9) .your right there are a few tables 10) ..the pavement 11) .a small café which is housed 12) .a large, imposing building. A small balcony 13) the first floor hangs 14) ..the entrance to the café.
Further 15) the street, 16) the right hand side is a quaint two-storey building with gable windows built into the attic. The street disappears 17) ..distance as the wooded hillside rises 18) the whole scene.
Short sentences with the same subject can be joined with participles (-ing/ -ed) or relative pronouns (who/ which/ whose).
The cottage stands at the top of a cliff. It faces out to a sea.
The cottage, which stands at the top of a cliff, faces out to sea.
The cottage, standing at the top of a cliff, faces out to sea.
The farmhouse was built in 1850.
It is surrounded by fields.
The farmhouse, which wasbuilt in 1850, is surrounded by fields.
The participial clause is often put at the beginning of the sentence:
Standing at the top of a cliff, the cottage faces out to sea.
Built in 1850, the farmhouse is surrounded by fields.
Note how the meaning of the sentence changes when two sentences with different subjects are joined with a participle.
Tourists walk through the streets. Noises and smells greet them. Walking through the streets, noises and smells greet the tourists. This means that the noises and smells are walking! Instead, you must keep the same subject for both clauses, or use time words such as while:
Walking through the streets, tourists are greeted by noises and smells. While the tourists walk through the streets, noises and smells greet them.
Ex.3. Link the sentences below starting each sentence with the correct form of the word(s) in bold.
1. The castle dominates the skyline. It is built of local stone.
2. The museum was opened in 1939. It is visited by thousands of people every day.
3. The temple is surrounded by trees. It is difficult to see from a distance.
4. Greater London covers 610 square miles. It is the largest city in Britain.
5. The monument was erected in 1919. It is a memorial to those who died in World War I.
Ex.4. Correct the following sentences as in the example.
e.g. Sinking behind the mountain, I watched the sun fill the sky with red. (wrong)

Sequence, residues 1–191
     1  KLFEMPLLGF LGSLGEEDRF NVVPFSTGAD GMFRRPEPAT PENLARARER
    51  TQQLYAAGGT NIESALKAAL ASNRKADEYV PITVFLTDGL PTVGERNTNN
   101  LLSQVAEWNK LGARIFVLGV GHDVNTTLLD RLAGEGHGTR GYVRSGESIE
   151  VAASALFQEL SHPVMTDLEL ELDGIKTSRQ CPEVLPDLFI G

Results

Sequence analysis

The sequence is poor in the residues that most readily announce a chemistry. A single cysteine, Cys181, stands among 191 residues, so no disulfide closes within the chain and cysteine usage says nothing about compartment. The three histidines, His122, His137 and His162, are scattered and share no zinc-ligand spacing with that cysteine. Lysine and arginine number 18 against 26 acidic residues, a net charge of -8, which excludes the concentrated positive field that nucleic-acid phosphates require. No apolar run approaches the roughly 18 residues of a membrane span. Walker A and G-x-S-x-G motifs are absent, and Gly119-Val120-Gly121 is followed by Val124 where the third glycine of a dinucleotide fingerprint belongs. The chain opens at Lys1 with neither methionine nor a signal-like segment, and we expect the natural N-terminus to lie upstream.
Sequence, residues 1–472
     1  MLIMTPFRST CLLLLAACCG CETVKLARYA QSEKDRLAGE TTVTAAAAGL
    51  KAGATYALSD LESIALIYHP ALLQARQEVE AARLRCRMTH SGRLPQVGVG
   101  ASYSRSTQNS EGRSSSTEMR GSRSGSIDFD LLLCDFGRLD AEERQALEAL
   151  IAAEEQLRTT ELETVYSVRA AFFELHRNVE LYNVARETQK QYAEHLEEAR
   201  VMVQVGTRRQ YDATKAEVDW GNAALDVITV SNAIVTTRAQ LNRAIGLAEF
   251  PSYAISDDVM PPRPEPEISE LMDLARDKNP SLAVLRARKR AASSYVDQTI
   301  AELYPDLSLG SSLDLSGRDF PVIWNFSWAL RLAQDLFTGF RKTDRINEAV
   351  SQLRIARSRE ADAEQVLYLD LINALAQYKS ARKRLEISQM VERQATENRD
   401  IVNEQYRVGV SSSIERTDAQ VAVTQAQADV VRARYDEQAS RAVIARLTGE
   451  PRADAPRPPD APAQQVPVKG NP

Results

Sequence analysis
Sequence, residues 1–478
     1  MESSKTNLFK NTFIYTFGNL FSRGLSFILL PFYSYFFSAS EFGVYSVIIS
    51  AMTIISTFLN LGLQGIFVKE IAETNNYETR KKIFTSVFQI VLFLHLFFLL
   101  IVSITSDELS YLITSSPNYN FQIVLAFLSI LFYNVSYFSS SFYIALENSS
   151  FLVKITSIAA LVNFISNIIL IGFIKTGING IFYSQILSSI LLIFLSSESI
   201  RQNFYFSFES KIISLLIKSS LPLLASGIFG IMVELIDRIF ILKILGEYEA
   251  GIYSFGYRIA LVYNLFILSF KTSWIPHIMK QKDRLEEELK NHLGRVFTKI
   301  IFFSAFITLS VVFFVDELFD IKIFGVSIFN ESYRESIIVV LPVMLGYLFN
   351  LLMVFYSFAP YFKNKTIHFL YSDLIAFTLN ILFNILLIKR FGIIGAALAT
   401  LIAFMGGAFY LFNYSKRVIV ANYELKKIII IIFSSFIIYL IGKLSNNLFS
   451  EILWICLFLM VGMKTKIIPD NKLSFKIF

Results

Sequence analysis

Sinking behind the mountain, the sun filled the sky with red. (correct)
Or As I watched the sun sinking behind the mountain, it filled the sky with red. (Correct)
1. Stretching into the distance, we were amazed by the length of the queue.
2. Squeezing your way onto the packed bus, the other passengers press even closer together to make room for you.
3. Shuffling towards the supermarkets busy tills, heavy baskets hang from the shoppers tired arms.
4. Standing squashed among the screaming fans, the roar of the enormous crowd was deafening.
Descriptions of places often include subjects such as a popularrestaurant, a busy market, etc. In a description of this sort, you should describe both the place and the activity (people, cars, commotion, etc.) You may describe details relating to the senses (sight, hearing, smell, touch and taste) to suggest mood and atmosphere (e. g. The bazaar is a riot od exotic smells, dazzling colours and a deafening babble of voices ).
In order to describe a human scene you will need to use a variety of words and phrases relating to crowds (e.g. busy, crowded, bustling, etc. ) and activity (e. g. customers queue up, passengers rush to the train, etc.)
Ex.5. Read the following descriptions, underline the phrases which refer to the senses and identify each sense. What tenses are used in each description? Why?
A) The market buzzes with the sound of womens voices, while the smells of fresh fish, vegetables and spices fill the hot, humid air. Crowds of shoppers jostle each other as they squeeze past the displays of goods, voices grow louder as the people haggle over prices, and the clang of metal bowls and boxes rings through the market.
B) A faint smell of crushed grass wafted up from the court as hot sun beat down on the crowd watching the players. The silence was punctuated by the rhythmic sound of the tennis ball and muted gasps of the spectators; then, suddenly, the crowd surged to their feet with a roar.